Surprisingly, Ben Platt’s make-up isn’t the worst thing about ‘Dear Evan Hansen’
Christine Hilario | Tuesday, September 14, 2021
After witnessing Ben Platt’s decrepit, foundation-caked face in the first “Dear Evan Hansen” trailer back in May, I immediately checked IMDB to figure out how old all the actors playing teenage characters were. It turned out that Platt isn’t much older than the rest of the cast. There’s just something about how obviously the film is trying to age him down that makes him look like a predator.
Considering how misconceived Platt’s casting seemed in the trailer, I expected the rest of the choices in the film to be of the same vein. After viewing the preview screening at DPAC, I’m not surprised to say that my expectations were spot-on. “Dear Evan Hansen” is the second most ill-conceived movie musical I’ve seen, and the only reason why it isn’t the most ill-conceived is because I saw the “Cats” movie in theaters.
Based on the Tony Award-winning musical of the same name, “Dear Evan Hansen” follows anxious high school senior Evan Hansen, played by an ancient-looking Ben Platt who originated the role on Broadway. Evan is assigned by his therapist to write positive letters to himself, and one of these letters falls into the hands of school outcast Connor Murphy (Colton Ryan), the brother of Evan’s longtime crush Zoe (Kaitlyn Dever). Connor commits suicide, and his parents find Evan’s letter and assume they were friends. In order to not disappoint them, Evan proceeds to deceive Connor’s family into thinking they were friends until the lie inevitably comes crashing down around him.
The film was heavily marketed as an uplifting story about self-acceptance and helping others, but the message is undercut by the fact that Evan is a truly awful person. The film frames Evan as some sort of hero advocating for mental health awareness, but the entire time he’s actively tricking a grieving family to become close to them for his own personal gain. He even ends up in a relationship with Zoe because of his deception. Evan doesn’t just passively go along with the family’s assumption that he and Connor were friends; he commissions his sort-of-friend Jared (Nik Dodani) to create fake emails between him and Connor to show to the family.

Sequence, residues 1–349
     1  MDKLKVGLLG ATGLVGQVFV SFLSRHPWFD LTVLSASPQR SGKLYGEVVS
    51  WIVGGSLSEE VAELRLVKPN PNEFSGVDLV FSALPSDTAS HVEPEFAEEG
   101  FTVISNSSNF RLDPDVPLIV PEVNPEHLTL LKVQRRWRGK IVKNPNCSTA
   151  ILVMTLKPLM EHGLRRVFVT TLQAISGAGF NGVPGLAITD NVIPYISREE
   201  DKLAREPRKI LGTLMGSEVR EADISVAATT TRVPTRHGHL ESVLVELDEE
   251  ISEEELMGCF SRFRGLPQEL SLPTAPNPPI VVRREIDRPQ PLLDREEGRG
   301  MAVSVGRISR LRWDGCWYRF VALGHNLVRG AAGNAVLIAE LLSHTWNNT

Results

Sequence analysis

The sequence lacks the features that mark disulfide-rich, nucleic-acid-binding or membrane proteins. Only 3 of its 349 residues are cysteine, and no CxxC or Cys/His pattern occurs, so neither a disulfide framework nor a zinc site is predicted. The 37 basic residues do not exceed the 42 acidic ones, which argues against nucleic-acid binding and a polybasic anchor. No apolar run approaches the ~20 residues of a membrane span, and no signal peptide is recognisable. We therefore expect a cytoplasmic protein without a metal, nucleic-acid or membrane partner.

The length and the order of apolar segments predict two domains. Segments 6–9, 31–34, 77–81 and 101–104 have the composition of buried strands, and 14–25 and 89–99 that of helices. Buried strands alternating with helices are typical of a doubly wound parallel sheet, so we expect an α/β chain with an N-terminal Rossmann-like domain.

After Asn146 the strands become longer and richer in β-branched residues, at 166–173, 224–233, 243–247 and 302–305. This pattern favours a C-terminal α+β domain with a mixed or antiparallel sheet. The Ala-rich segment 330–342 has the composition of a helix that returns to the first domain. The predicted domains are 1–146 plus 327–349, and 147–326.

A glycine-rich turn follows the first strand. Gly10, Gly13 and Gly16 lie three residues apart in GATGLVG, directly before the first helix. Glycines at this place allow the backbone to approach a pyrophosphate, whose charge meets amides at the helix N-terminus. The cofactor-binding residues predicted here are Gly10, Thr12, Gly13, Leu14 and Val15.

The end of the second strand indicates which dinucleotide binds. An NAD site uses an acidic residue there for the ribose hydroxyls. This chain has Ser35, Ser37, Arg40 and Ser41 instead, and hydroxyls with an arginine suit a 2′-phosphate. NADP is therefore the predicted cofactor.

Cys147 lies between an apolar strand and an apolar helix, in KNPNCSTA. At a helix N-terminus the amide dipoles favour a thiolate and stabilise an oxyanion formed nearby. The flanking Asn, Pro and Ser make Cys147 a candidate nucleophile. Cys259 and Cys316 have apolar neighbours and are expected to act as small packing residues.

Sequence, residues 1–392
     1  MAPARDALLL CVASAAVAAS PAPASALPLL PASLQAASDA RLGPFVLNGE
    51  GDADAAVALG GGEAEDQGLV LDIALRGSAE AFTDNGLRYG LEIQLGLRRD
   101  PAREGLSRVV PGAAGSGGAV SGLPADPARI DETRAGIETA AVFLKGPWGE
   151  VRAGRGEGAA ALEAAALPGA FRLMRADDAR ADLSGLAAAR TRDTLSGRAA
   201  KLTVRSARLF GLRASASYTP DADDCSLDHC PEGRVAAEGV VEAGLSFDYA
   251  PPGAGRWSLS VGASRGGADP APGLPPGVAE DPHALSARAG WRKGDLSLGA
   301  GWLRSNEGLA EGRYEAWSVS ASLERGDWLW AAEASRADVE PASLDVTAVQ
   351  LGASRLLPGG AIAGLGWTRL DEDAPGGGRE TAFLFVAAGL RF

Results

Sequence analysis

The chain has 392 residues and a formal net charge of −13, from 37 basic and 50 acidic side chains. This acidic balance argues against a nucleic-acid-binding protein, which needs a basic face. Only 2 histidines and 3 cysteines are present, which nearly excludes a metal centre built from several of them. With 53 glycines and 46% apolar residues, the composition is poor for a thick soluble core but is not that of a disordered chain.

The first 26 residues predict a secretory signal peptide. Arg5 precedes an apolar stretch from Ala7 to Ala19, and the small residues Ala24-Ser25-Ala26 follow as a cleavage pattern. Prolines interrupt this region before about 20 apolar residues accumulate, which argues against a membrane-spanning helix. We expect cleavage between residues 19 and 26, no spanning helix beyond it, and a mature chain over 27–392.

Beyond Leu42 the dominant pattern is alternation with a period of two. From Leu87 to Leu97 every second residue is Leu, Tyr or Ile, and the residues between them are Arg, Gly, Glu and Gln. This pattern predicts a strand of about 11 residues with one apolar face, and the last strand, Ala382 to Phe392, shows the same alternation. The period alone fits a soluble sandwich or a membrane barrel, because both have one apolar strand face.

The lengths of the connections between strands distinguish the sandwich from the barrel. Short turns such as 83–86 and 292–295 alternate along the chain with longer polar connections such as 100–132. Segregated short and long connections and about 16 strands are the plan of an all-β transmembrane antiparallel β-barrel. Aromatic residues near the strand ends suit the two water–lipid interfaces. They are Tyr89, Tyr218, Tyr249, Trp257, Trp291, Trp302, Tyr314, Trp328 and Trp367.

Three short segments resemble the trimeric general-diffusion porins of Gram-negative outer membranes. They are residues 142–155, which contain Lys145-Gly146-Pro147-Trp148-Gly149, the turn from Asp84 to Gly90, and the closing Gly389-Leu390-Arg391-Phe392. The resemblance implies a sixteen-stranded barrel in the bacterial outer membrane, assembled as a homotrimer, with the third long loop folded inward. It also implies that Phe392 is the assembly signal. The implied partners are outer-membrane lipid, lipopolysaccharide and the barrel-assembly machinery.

One of the most preachy, saccharine songs of the film, “You Will Be Found,” is performed by Evan at Connor’s memorial service. Its sentimental message becomes disturbing when you remember that Evan doesn’t know anything about Connor and definitely doesn’t deserve to speak at his memorial. Nevertheless, Evan’s performance gets posted online and starts a movement for mental health awareness — all based on lies. And the audience is supposed to feel uplifted by this. I’m all for flawed main characters, but the film tries to present Evan’s manipulative actions while still framing him as someone who uplifts others and is a true force for good in the world. It just doesn’t work. At the end, there’s an attempt to redeem him, but it’s not enough to justify the harm he’s caused.
All these instances of Evan being the worst are present in the stage musical, but the film tacks on baffling technical choices to this mess of the story. The film has fondness for close-ups, so the audience has the chance to get up close and personal with Ben Platt’s terrible make-up job. In addition to that, director Stephen Chbosky seems to have no idea how to properly stage musical numbers. One of the most egregious examples is during the song “Sincerely, Me,” which features uncomfortably prolonged shots of the actors staring and walking directly into the camera. This musical number also includes some of the worst sound mixing in the movie, where the actors voices are drowned out by the backing track near the end.
This film is only redeemable if you find the songs catchy. Platt’s vocal performance is good, but it’s not enough to make up how out of place he looks. Personally, I have a lot of pent-up rage regarding the musical’s most popular songs, “Waving Through A Window” and “You Will Be Found,” because in high school, I had to watch basically every show choir in Iowa do a middling rendition of them. Suffice it to say, the songs didn’t really do it for me.
If you’re a die hard “Dear Evan Hansen” fan, just stick to the soundtrack or YouTube bootlegs. However, if you have any desire for a musical with more nuanced mental illness representation, I’d recommend checking out “Next to Normal.” While you’re at it, check out “Natasha, Pierre & the Great Comet of 1812” because it was robbed at the Tony’s, and I personally blame “Dear Evan Hansen” for that injustice.
Title: “Dear Evan Hansen”
Starring: Ben Platt, Amy Adams, Kaitlyn Dever, Julianne Moore
Director: Stephen Chbosky
Shamrocks: 1 out of 5